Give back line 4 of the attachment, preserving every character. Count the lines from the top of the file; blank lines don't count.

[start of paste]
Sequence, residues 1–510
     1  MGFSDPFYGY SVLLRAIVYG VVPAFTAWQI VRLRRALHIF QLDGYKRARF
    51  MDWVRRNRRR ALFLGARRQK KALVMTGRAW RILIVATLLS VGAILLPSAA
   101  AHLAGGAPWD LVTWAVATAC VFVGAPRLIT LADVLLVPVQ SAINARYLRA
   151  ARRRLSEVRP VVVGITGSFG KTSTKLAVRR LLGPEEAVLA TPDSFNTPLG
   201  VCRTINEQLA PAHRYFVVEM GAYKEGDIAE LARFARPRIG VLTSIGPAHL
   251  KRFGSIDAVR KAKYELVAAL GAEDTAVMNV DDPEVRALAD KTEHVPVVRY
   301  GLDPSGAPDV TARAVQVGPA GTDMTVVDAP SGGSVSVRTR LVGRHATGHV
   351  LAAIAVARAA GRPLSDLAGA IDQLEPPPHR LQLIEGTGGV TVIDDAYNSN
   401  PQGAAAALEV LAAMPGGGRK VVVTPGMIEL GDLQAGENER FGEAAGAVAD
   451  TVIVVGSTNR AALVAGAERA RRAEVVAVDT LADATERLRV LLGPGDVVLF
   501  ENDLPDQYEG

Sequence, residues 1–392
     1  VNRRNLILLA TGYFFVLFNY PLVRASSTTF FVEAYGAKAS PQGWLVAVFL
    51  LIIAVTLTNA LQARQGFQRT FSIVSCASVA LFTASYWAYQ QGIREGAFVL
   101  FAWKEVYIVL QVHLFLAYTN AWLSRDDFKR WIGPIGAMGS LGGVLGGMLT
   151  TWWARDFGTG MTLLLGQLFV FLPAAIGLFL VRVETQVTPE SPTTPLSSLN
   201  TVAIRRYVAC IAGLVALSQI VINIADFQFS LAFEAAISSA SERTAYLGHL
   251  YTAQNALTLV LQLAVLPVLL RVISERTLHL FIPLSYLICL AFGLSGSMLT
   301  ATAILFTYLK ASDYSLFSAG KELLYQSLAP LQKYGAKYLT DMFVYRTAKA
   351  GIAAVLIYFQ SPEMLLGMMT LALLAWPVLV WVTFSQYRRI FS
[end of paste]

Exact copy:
   101  AHLAGGAPWD LVTWAVATAC VFVGAPRLIT LADVLLVPVQ SAINARYLRA